Scare Me Poster 1 1

Review: Scare Me (2020)

Best known as a comedian, actor/writer/director Josh Ruben (College Humor, Werewolves Within) tries his hand at something a bit more serious with his feature debut, Scare Me. Actually. Both statements might be stretching things a bit. While it is feature-length, Scare Me is something like an anthology film, and it’s not without a strong dose of humour.

Fred (Josh Ruben) is a copywriter who wants to become a real writer. So, he’s rented the clichéd isolated cabin to force himself to write. On his morning jog, he meets one of his neighbours, Fanny (Aya Cash, The Boys, Mary Goes Round). As it so happens, she’s the author of a best-selling horror novel, something she takes great delight in holding over him.

Scare Me 17

After a power outage leaves them with nothing else to do, they decide to see who has the best scary story to tell in the dark. The two-character story becomes a threesome with the arrival of Carlo (Chris Redd, Saturday Night Live, Deep Murder) the pizza delivery guy. But as the night wears on, the horror threatens to become real.

Scare Me has a great idea, the two writers telling, and acting out, their stories in the firelit cabin. It lets Ruben and Cash show off their skills with dialogue and body language as they tell them. And their more conventional acting chops as things become a bit tense, shifting gears from fun storytelling and critique to competition.

Scare Me 15

This is bolstered by some excellent sound work and a few brief practical effects. The sound really punches up the stories, like an old-time radio drama. They combine well with the actor’s delivery of the tales to help you visualize the story. The effects are just icing on the cake, a brief inhuman shadow on a wall, a sudden glimpse of fangs, etc. It’s quite effective in the manner of a filmed stage play.

Unfortunately, Ruben very nearly derails the film with a horrible attempt at social commentary. Fanny is so over the top with her empowered female gender politics, I would have thought it was meant to be satirical if I hadn’t read the director’s statement.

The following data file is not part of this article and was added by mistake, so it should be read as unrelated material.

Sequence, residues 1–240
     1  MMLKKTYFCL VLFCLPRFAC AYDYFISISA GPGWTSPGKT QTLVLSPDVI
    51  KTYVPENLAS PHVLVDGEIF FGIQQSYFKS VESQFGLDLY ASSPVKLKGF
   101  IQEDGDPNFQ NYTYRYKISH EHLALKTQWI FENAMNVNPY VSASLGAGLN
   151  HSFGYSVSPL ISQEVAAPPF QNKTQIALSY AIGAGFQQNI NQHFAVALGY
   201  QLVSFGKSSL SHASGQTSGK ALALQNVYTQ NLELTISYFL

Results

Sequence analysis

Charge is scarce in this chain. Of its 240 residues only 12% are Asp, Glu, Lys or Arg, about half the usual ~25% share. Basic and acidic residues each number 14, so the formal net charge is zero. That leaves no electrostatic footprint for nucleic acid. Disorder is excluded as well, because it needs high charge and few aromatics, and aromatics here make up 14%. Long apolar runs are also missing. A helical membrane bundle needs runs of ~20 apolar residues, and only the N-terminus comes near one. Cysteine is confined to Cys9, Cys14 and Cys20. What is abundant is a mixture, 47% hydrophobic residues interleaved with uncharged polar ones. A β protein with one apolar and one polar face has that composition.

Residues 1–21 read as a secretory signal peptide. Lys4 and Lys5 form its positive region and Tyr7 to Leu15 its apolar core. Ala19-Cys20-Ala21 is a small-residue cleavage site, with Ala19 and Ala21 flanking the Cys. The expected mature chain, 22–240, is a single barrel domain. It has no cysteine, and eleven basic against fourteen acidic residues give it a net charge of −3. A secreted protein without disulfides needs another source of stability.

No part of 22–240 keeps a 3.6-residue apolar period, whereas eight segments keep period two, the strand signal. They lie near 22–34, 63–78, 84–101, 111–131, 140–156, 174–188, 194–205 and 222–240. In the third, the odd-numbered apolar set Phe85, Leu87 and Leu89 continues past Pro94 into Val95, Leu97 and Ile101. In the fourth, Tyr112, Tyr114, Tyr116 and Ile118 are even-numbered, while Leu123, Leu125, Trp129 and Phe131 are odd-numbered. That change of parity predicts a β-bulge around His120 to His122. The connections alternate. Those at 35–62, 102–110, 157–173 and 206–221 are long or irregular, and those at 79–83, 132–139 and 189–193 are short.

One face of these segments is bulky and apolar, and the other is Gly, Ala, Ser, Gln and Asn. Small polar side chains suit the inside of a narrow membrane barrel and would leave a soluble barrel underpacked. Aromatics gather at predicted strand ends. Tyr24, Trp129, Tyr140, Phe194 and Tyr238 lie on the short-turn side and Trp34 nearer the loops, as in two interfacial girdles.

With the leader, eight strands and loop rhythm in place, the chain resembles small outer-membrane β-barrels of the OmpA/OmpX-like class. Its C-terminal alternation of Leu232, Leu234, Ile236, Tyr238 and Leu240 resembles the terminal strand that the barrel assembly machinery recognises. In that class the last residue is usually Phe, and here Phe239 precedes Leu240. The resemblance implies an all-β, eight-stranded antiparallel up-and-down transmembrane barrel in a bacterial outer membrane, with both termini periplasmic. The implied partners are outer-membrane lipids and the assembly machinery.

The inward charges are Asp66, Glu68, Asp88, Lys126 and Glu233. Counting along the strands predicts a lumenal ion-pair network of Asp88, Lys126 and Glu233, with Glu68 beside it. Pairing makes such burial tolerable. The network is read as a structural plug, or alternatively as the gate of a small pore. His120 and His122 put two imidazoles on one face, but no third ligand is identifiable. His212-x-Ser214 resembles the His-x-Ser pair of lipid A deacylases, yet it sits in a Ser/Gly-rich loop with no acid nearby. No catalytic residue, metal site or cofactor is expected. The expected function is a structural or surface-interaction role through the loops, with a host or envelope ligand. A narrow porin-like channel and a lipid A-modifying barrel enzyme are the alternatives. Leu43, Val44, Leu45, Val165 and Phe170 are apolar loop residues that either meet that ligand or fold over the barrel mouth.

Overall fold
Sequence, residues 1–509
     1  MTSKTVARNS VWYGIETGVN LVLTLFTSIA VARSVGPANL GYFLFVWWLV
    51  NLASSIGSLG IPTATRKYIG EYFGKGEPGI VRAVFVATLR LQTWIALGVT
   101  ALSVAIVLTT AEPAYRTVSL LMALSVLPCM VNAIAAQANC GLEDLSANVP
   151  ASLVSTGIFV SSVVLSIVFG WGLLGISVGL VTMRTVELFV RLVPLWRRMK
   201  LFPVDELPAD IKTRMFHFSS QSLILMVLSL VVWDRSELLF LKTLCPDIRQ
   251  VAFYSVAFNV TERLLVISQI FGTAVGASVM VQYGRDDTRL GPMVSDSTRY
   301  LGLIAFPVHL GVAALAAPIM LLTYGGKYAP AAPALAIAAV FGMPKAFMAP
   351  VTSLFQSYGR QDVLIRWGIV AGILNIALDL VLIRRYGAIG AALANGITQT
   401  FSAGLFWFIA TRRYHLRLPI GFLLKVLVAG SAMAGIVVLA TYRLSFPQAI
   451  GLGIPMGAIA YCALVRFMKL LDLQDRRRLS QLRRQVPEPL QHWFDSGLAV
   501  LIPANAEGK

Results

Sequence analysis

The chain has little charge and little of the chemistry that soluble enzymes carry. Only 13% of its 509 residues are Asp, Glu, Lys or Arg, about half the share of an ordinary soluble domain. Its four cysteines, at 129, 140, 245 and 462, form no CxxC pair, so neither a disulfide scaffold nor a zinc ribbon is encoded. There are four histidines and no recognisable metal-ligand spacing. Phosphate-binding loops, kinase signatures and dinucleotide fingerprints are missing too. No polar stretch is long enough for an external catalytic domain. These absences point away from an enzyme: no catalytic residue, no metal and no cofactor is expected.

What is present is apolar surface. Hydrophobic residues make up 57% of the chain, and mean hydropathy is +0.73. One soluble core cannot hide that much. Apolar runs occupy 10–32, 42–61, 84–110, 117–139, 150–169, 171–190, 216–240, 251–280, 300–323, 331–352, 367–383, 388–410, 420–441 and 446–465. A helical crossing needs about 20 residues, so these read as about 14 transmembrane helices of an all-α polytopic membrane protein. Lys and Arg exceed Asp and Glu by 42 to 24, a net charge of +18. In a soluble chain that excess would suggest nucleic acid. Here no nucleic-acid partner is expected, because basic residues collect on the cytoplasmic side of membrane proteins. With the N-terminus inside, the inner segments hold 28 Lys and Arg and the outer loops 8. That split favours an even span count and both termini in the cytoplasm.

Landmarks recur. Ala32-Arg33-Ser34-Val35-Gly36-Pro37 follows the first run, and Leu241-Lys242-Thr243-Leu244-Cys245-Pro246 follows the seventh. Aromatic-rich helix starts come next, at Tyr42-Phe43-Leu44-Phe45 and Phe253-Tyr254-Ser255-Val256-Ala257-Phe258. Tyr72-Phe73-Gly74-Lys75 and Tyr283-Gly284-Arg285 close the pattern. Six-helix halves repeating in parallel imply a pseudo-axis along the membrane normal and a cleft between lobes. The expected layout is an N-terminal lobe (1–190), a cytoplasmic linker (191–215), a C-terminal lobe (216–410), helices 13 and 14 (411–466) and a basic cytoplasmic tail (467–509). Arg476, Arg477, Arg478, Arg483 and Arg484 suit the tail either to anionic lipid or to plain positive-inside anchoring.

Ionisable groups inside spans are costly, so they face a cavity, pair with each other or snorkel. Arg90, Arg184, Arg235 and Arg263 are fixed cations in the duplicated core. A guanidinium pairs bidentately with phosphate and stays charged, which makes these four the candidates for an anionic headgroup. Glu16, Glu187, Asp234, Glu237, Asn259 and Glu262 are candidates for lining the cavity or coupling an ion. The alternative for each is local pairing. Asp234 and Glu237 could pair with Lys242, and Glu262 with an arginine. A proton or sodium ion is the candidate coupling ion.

SCARE ME was my opportunity to embody this toxic and true dynamic, one which examines what it means for a man to be creatively competitive with a woman as he also feels emasculated by her.

Josh Ruben

On top of which she’s an obnoxiously smug bitch. She’s barely in Fred’s cabin when she says she doesn’t like talking about her projects. Why? Because people will steal them, “Especially desperate white dudes like you.” That’s pushing it as a humorous comment to somebody she’s just met, and she’s not being funny. I’d have sent her packing at that point. The points Scare Me wants to make are valid. But by embodying them in somebody so unlikable, the film achieves the opposite of its aim. Honestly, she’s the kind of person you want to say something offensive to, just to make sure she never speaks to you again.

At 140 minutes, Scare Me runs long and starts to feel it. The twist at the end is neat but doesn’t seem worth the wait. Ruben really needed to trim some of the slower moments out or make the characters less grating.

Scare Me 68

In the end, whether or not you’ll like Scare Me is really up to your taste and tolerance. I found the basic idea and much of the execution of the stories enjoyable and impressive. But the botched attempt at support for #MeToo and dead spots in the narrative hurt. 

Scare Me is available on AMC’s Shudder streaming platform. If you have it, then it might be worth checking out if you’re looking for something unconventional.

YouTube video
Where to watch Scare Me
Our Score
Scroll to Top